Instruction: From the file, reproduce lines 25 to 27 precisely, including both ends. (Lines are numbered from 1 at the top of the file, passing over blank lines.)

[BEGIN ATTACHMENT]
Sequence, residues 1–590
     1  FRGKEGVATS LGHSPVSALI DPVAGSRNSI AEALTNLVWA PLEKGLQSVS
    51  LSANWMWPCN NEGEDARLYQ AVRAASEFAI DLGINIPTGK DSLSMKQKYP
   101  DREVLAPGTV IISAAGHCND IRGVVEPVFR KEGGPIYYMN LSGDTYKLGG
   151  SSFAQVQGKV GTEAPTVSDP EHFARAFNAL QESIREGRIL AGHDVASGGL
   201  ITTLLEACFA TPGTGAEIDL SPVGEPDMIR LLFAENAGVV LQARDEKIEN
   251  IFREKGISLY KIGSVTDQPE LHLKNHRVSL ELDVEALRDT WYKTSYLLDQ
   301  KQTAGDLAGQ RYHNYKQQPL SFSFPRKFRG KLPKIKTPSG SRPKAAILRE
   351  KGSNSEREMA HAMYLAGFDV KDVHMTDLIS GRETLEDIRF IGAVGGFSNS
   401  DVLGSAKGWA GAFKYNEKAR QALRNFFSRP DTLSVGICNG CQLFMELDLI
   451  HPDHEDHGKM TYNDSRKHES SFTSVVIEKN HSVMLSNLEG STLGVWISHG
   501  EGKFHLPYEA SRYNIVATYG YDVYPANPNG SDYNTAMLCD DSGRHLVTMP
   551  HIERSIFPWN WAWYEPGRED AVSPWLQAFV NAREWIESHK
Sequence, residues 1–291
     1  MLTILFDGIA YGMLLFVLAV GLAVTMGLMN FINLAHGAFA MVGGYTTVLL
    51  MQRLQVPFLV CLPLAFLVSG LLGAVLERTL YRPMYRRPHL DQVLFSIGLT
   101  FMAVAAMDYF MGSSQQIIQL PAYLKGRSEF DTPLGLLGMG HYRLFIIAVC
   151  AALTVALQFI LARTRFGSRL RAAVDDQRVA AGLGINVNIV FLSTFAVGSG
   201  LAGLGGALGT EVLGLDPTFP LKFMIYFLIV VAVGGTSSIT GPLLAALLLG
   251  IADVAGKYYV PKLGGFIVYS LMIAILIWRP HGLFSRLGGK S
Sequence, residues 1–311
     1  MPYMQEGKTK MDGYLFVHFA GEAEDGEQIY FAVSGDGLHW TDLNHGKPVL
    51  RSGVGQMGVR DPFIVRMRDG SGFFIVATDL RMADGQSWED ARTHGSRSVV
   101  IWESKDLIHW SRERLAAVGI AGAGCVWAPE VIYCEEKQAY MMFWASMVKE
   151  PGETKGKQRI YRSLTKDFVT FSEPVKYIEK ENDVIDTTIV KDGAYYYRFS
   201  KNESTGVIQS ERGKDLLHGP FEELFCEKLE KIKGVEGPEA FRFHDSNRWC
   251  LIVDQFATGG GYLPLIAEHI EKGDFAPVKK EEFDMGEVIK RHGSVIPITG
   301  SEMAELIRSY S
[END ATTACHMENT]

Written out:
   151  PGETKGKQRI YRSLTKDFVT FSEPVKYIEK ENDVIDTTIV KDGAYYYRFS
   201  KNESTGVIQS ERGKDLLHGP FEELFCEKLE KIKGVEGPEA FRFHDSNRWC
   251  LIVDQFATGG GYLPLIAEHI EKGDFAPVKK EEFDMGEVIK RHGSVIPITG